Scaling and root planing are often referred to as “deep cleaning,” which sounds like a good thing. What doesn’t need a deep cleaning every now and then? However, scaling and root planing isn’t a regular part of your oral healthcare. Scaling and root planing is used specifically in cases where bacterial infection has penetrated the gum line. Based on factors, like your genetics and how well you take care of your teeth, you may be more susceptible to bacterial buildup around and beneath the gum line. In these cases, your dentist will likely recommend scaling and root planing to remove the infection.

Gum Disease Is Caused by Bacterial Infection

Bacterial infection is most commonly associated with teeth. When plaque forms on the surfaces of your teeth, it eventually causes a cavity. The acid produced by bacteria can wear away at your enamel over time. Gum disease is caused by the same process, just in a different area. Bacteria can build up around and beneath the gum line. This causes inflammation, and eventually gum disease. The beginning stage of gum disease is known as gingivitis. This condition is reversible when treated correctly.

Scaling and Root Planing Can Eliminate Gum Disease in its Early Stages

Scaling and root planing are used to remove bacteria from beneath the gums. Scaling is the first step in the process. Your dentist will administer local anesthetic (and may ask if you’d like nitrous oxide for an additional relaxing effect) and then carefully access the roots of your tooth. Your dentist will thoroughly remove all of the bacteria from the roots of the tooth to reduce the inflammation and eliminate the infection. Then, your dentist will plane your roots, smoothing them out so that they can reconnect cleanly to your jawbone.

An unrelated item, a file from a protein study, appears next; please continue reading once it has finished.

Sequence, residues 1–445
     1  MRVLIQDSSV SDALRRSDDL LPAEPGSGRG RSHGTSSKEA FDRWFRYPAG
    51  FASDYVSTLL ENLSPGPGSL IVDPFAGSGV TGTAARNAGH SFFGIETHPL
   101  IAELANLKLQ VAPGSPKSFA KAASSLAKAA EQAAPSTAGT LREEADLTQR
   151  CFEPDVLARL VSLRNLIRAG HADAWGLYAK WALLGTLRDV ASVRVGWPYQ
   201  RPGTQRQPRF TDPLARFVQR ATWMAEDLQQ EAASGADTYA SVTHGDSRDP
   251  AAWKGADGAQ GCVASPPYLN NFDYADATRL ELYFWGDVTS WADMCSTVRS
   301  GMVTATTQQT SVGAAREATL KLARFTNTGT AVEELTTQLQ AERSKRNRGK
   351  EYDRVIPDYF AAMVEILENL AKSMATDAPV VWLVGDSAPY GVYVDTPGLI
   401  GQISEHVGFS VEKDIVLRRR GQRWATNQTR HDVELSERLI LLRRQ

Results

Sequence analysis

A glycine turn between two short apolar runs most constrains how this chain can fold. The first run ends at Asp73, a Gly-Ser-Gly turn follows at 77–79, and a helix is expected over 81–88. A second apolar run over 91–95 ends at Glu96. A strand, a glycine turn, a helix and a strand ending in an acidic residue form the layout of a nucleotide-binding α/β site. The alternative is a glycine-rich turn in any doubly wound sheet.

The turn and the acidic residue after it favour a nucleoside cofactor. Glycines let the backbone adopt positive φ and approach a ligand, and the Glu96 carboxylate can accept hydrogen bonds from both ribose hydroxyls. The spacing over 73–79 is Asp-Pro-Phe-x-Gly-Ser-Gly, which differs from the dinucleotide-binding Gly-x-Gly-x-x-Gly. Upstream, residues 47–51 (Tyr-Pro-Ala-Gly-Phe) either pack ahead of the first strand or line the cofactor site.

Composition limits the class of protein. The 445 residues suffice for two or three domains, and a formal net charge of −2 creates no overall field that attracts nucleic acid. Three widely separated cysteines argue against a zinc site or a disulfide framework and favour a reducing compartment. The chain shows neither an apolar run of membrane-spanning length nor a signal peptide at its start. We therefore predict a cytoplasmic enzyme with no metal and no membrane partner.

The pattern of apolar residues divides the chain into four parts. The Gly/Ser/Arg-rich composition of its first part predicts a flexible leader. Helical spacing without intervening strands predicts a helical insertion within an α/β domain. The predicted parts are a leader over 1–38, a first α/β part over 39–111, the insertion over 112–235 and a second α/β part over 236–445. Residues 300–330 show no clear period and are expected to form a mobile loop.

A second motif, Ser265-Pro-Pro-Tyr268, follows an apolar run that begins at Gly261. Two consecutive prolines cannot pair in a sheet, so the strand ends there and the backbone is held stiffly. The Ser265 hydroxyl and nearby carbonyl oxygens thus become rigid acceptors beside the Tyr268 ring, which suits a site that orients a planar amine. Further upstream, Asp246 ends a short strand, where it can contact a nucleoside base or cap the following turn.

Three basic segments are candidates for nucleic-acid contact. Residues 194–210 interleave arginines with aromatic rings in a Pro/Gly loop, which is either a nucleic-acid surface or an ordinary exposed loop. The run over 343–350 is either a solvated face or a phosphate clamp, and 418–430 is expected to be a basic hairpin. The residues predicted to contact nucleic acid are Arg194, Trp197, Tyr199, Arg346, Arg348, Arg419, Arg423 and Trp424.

Periodontitis Is Irreversible Advanced Gum Disease

Gingivitis is reversible when treated quickly enough. That’s why it’s so important to visit your dentist on a regular basis. You don’t want a condition like this to linger. If you don’t treat gingivitis quickly enough, you can develop periodontitis. This advanced form of the disease doesn’t just sever the connection between tooth and bone, it actually causes jawbone degradation. When your jawbone starts losing mass, it can cause your teeth to fall out. Further, your body can’t regrow this bone, so you’ll have to continue managing the condition to avoid serious harm.

Ask Your Dentist About Scaling and Root Planing

If you notice the signs of gum disease, contact your dentist immediately. Attending biannual appointments is often enough to reduce your risk for these conditions. At Greenhaven Family Dental, you can expect thorough care in a welcoming environment. Schedule an appointment for a checkup by contacting the Greenhaven Family Dental office in Baxter, MN at 218-454-0523.